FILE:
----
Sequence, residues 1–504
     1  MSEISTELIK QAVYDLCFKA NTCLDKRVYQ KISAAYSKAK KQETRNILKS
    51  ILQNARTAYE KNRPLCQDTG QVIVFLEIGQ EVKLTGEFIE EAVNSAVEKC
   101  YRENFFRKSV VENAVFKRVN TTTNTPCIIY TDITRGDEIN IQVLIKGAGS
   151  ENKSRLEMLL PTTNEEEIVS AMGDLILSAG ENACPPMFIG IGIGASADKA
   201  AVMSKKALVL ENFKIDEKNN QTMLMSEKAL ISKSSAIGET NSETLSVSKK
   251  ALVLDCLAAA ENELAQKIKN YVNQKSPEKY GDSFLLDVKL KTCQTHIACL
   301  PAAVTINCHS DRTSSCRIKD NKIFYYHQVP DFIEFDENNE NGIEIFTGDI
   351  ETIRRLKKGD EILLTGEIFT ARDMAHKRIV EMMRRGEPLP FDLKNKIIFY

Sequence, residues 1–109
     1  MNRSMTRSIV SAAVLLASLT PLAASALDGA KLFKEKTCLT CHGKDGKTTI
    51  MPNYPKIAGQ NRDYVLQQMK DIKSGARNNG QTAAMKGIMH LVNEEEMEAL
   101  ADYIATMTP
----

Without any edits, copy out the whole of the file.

Sequence, residues 1–504
     1  MSEISTELIK QAVYDLCFKA NTCLDKRVYQ KISAAYSKAK KQETRNILKS
    51  ILQNARTAYE KNRPLCQDTG QVIVFLEIGQ EVKLTGEFIE EAVNSAVEKC
   101  YRENFFRKSV VENAVFKRVN TTTNTPCIIY TDITRGDEIN IQVLIKGAGS
   151  ENKSRLEMLL PTTNEEEIVS AMGDLILSAG ENACPPMFIG IGIGASADKA
   201  AVMSKKALVL ENFKIDEKNN QTMLMSEKAL ISKSSAIGET NSETLSVSKK
   251  ALVLDCLAAA ENELAQKIKN YVNQKSPEKY GDSFLLDVKL KTCQTHIACL
   301  PAAVTINCHS DRTSSCRIKD NKIFYYHQVP DFIEFDENNE NGIEIFTGDI
   351  ETIRRLKKGD EILLTGEIFT ARDMAHKRIV EMMRRGEPLP FDLKNKIIFY

Sequence, residues 1–109
     1  MNRSMTRSIV SAAVLLASLT PLAASALDGA KLFKEKTCLT CHGKDGKTTI
    51  MPNYPKIAGQ NRDYVLQQMK DIKSGARNNG QTAAMKGIMH LVNEEEMEAL
   101  ADYIATMTP